1. remove the three-day waiting period for claiming statutory sick pay (SSP);
  2. remove the lower earnings limit and 
  3. offer a fair earnings replacement for people earning below the current rate of SSP.

SSP can be claimed where an individual is absent through illness on a qualifying day, i.e. a day on which that individual is required to work. However, SSP can only be claimed from the fourth consecutive day of absence and is irrecoverable for the first three days, known as “waiting days”. This delays payment and is especially problematic for part-time employees who may only work two or three days per week. In these circumstances, it could be several weeks before the employee becomes entitled to SSP. Waiting days are also reset after each period of incapacity (four or more consecutive days where the employee cannot work owing to sickness) unless the periods are linked to the employee not working for four consecutive days within an eight-week period. 

Labour would seek to remove the requirement for waiting days before an individual becomes entitled to SSP and hope that this will encourage those who are ill to take the time to recover and not feel they must work despite being unfit to do so by providing some financial support.

The second proposed reform to remove the lower earnings limit would see SSP eligibility extended to all employees irrespective of their salary. SSP is currently available to employees (and workers) who are liable for Class 1 National Insurance Contributions. The employee (or worker) must earn an average of £123 per week. 

Those not meeting this threshold currently could be eligible for universal credit or a new style employment support allowance (“new style ESA”). Labour hasn’t disclosed whether individuals will be entitled to the new style ESA in the final three months of their 28-week SSP entitlement or whether this benefit will continue to exist after their proposed SSP expansion.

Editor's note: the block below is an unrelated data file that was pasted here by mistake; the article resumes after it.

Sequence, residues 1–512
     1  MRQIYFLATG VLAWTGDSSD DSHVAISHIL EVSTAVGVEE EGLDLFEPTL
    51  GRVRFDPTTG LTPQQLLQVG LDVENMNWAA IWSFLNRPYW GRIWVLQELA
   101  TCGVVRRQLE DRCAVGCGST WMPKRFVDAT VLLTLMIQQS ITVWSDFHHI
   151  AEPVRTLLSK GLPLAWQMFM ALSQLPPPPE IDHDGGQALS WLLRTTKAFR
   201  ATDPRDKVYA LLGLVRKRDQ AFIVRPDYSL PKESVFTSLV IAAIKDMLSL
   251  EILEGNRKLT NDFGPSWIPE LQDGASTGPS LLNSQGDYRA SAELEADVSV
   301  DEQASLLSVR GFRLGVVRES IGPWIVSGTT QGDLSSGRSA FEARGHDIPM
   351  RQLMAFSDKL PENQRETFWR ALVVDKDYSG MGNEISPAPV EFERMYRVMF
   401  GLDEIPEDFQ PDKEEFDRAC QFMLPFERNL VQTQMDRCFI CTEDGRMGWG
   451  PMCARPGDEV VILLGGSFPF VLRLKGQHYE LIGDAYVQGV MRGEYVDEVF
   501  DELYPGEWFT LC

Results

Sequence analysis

It is unclear what the final reform to make SSP a fair earnings replacement will entail. The CIPD’s Manifesto for Good Work suggests that SSP should be raised closer to the equivalent earnings an individual might expect to receive on the National Minimum Wage or National Living Wage. The CIPD also considered whether SSP should be linked to an individual’s earnings but stopped short of offering a formula or a recommendation to apportion the costs of raising SSP between the government and the employer. 

Regardless, it remains in an employer’s interest to ensure that its workforce is fit for work to maximise productivity. It is also in the employee’s interest to take any time off needed so that their condition is not worsened by returning to work too soon, potentially affecting their recovery.

Parental Leave

Labour has committed to reviewing the parental leave system and implementing reforms so that it “best supports working families”. Whilst other changes to the parental leave system remain unclear, Labour has stated that it will be a day-one right. 

Currently, parental leave is only available to employees who have continuously been employed for a period of not less than one year and who have, or expect to have, responsibility for a child. It confers a right for these eligible employees to take up to 18 weeks’ unpaid parental leave for the purpose of caring for that child. There are nuances to the taking of the leave and whilst the leave can be taken at any point before the child’s 18th birthday, an employee can only take a maximum of four weeks leave in respect of an individual child per calendar year. This leave can be delayed by the employer and can only be taken in blocks of single or multiple weeks. Employees can also expect to return to the same job after their leave, except in certain circumstances. 

Read in conjunction with Labour’s proposal to introduce a single status of “worker”, it is likely that parental leave will be extended to all workers and employees alike (applying current statuses). It remains unclear at time of writing what further changes Labour would make to parental leave short of launching a review of the parental leave system in the first year of a Labour government. As a result, there is little that employers can do at present short of considering the impact of the increased pool of staff who would be able to take this leave and whether their policies around parental leave need to be updated. 

Chat to the Author, Alex Haines

Trainee Solicitor, Employment Law, Bishop's Stortford office